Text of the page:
Carlo Capasa, Raffaello Napoleone on millennials, sustainability and future of menswear
The e-P Summit in Milan, which was organised by Pitti Immagine -- via the jointly owned Fiera Digitale company -- at the Talent Garden Milano Calabiana on November 20 and 21, gave the opportunity for Carlo Capasa, President of CNMI (the Italian National Fashion Chamber) and Raffaello Napoleone, CEO of Pitti Immagine, to discuss the growth of the menswear market and the strategies to sustain it.
“The textile industry grew 2% in the third quarter of the year, and also fashion, especially with menswear and accessories, posted strong growth in the same period,” said Napoleone. “The outlook for the remaining three months is equally positive, especially for luxury goods [as they will also include the Black Friday results],” he added.
“Menswear will grow by over 3% in 2018, and womenswear by 2%, so men’s fashion will outperform the women’s sector, though the latter does generate greater sale volumes,” said Capasa, reminding that 30% of European menswear production is concentrated in Italy.
“Although, if we exclude workwear, [Italy] accounts for 46% of output, and in terms of formal wear alone, Italy produces 70% of Europe's total output. We are indeed the leaders in menswear production,” he added.
Napoleone went on to say that, of the 1,250 exhibitors at the Pitti Uomo show, sportswear and street-style brands, which are tapping the trends that are revolutionising the menswear market, now account for about 30% of the total.
“The rules of fashion have completely changed: casual outfits are now acceptable even on occasions that, until a few years ago, were deemed extremely formal, and sneakers are sanctioned for almost any occasion,” said Napoleone. “It is interesting that at the Pitti Uomo show we also feature many women's collections: in sports and activewear they are launched in unison [with men’s collections],” he added.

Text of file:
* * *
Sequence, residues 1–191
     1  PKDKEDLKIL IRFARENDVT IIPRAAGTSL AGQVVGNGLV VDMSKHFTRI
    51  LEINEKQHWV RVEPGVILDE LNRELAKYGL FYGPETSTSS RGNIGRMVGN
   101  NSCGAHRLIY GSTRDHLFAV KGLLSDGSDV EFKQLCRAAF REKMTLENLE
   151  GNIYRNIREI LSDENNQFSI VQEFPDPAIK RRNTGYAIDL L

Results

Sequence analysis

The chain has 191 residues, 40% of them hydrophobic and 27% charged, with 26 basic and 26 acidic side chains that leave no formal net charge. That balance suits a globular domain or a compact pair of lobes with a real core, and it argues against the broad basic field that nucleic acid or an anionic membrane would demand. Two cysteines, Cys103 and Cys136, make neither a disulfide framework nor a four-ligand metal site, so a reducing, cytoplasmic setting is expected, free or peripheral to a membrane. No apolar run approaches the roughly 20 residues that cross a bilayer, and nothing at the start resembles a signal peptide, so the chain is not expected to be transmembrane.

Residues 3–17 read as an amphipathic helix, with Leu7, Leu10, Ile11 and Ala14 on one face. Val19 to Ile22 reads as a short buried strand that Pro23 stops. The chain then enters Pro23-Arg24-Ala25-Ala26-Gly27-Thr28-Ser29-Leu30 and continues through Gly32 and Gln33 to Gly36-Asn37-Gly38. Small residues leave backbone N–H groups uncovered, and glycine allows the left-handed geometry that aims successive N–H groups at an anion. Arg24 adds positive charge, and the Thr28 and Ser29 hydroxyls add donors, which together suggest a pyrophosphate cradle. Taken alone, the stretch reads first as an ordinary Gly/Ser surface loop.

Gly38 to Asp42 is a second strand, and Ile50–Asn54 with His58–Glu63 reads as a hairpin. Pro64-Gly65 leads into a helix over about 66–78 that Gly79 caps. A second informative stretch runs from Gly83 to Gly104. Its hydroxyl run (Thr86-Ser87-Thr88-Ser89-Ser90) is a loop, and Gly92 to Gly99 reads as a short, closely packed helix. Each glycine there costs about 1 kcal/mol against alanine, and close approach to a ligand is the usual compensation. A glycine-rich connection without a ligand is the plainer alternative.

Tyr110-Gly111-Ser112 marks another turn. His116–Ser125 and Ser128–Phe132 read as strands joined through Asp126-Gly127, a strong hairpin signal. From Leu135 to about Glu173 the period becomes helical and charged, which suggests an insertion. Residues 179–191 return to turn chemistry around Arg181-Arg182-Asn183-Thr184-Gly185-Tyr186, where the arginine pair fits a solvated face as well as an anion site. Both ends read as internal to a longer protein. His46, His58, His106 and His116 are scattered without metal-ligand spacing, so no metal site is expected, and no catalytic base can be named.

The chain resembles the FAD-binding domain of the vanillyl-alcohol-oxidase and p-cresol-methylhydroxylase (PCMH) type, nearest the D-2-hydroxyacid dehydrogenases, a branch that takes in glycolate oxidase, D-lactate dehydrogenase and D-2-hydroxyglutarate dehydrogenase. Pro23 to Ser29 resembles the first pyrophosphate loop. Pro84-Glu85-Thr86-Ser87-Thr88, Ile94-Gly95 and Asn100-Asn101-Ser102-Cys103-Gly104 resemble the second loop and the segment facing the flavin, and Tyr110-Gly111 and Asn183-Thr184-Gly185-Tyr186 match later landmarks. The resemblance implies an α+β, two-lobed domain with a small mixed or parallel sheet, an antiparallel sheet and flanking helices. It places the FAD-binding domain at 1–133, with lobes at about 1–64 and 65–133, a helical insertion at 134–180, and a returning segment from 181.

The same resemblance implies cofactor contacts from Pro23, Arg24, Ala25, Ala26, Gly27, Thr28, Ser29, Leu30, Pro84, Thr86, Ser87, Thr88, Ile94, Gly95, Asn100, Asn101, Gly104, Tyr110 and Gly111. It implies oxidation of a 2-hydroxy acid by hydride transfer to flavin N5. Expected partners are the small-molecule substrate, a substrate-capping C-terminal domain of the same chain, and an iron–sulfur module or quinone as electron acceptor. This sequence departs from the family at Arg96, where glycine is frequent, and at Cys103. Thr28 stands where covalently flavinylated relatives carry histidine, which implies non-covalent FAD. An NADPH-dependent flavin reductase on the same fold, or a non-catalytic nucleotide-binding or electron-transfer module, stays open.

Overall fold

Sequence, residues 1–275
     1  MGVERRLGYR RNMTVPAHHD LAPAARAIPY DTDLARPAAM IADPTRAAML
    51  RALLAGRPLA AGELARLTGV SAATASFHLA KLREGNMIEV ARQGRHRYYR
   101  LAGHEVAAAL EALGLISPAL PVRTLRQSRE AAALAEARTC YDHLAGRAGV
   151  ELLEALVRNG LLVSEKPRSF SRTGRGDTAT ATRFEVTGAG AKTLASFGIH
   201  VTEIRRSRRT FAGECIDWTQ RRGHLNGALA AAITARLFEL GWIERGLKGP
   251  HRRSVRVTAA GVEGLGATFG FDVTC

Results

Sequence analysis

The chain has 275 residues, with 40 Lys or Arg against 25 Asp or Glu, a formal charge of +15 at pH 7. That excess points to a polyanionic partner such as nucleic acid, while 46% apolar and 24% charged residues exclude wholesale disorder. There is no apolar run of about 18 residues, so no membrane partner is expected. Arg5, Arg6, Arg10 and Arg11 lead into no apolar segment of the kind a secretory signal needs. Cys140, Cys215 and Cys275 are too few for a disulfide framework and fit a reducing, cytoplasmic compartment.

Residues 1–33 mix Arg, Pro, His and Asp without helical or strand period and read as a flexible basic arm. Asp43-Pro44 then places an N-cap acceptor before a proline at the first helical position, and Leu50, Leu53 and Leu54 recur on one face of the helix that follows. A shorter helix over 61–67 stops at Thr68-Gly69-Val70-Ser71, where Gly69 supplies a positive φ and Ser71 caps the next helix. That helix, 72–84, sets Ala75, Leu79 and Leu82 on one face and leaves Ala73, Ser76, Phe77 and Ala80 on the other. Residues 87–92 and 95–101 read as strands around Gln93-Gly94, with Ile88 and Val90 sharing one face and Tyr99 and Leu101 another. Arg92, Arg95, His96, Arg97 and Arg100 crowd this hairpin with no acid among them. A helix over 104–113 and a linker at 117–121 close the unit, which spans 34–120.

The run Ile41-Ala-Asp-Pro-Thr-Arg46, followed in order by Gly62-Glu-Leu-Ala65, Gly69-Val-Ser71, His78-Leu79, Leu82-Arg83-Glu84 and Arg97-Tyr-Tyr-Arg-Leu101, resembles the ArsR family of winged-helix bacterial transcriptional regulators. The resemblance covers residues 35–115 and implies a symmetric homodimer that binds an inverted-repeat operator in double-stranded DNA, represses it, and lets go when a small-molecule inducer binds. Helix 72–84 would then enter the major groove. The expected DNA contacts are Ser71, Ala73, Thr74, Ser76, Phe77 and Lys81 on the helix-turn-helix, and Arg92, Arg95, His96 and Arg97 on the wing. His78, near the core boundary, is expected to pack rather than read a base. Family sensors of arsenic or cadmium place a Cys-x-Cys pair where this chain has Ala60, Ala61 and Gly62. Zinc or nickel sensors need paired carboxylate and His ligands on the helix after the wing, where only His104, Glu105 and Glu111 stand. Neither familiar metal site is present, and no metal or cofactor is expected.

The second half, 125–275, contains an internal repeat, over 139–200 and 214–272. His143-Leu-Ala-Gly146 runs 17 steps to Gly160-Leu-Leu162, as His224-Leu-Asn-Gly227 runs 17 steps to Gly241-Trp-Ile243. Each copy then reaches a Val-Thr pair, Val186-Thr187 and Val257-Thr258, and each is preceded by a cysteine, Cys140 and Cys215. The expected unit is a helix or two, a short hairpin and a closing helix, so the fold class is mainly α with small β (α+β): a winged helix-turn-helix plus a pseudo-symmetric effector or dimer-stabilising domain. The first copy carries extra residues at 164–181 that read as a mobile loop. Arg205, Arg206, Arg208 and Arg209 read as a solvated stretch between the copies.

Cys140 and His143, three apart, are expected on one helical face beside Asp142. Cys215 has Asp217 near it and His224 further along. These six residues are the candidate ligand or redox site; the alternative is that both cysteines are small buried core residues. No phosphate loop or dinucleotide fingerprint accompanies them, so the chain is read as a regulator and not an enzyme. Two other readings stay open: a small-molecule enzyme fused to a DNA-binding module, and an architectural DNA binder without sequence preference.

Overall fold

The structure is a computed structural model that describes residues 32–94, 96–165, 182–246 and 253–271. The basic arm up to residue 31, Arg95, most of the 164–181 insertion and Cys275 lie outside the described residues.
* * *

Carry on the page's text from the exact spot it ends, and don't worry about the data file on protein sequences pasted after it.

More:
“A 2018 survey on the UK market showed that millennials consume 60% more than the previous generation. Their average spend is £1,216 per year, compared to £860 per year by earlier generations of young people,” said Capasa.
“This means that contemporary, young male consumers spend more money, and they love fashion and streetwear. It’s a major shift. Bear in mind that 54% of millennials buy Gucci and 68% of them buy Balenciaga. We could say that millennials will save menswear. The fact is that they are having a huge influence on current consumption trends, together with China and Far East markets.”
Napoleone added that Pitti Immagine was the first show organiser to boost investment in the digital field. The show was ahead of its time, giving the chance for buyers, two days after the end of the Pitti Uomo, Bimbo and Filati shows, to access the events again via the e-Pitti platform.
"We set [e-Pitti] up Fiera Digitale with Francesco Bottigliero, its CEO, a company whose merger with Pitti Immagine we are currently assessing. We are planning to become more and more of a digitalised, omni-channel event, quite a challenge for a trade show. With the Pitti Foundation and events like Taste, we are also trying to create the environment to highlight the worth of Italian excellence in art and cuisine too," said Napoleone.
Last week, CNMI instead staged a workshop for fashion labels on how to promote and manage their business in a digital world.
"I think that, from the digital point of view, we can only improve in the coming years,” said Capasa. “During last September's Milan Fashion Week there were 17.3 million online interactions with the #MilanFashionWeek hashtag, three times more than those during the London Fashion Week, and the Milan Men’s Fashion Week generated 14.5 million impressions out of 160 million in total generated during the 20 days of the fashion weeks period,” he added. “Italy is the stage for the world’s leading menswear fashion shows, beginning in Florence and ending in Milan.
“No other country is able to offer so much in terms of customer experience or opportunities for establishing commercial relations, with over 300 labels. The latest Milan fashion season saw an increase in the number of co-ed shows, especially in February, during the women’s week. For the next Milan Men’s Fashion Week, with fewer labels on the calendar, we will focus more resources on promoting emerging designers, and we will feature more special events and exhibitions,” said Capasa.
Sustainability, one of the assets of Italian fashion in the future, is also high on the agenda, but both Capasa and Napoleone said that “rules must be set to identify what ‘sustainable’ really means.”
“According to a survey by a British brand, Italy is five years ahead of the UK on sustainability, and over 10 years ahead of other countries,” said Capasa.
“Above all, I believe that Italy should be the country for beautiful, well-made and sustainable clothes. I also believe that the watch-word for the future should be ‘awareness’. As Italians, we must be aware of our strength, and of our ability to create something special when we work as a team,” concluded Capasa.
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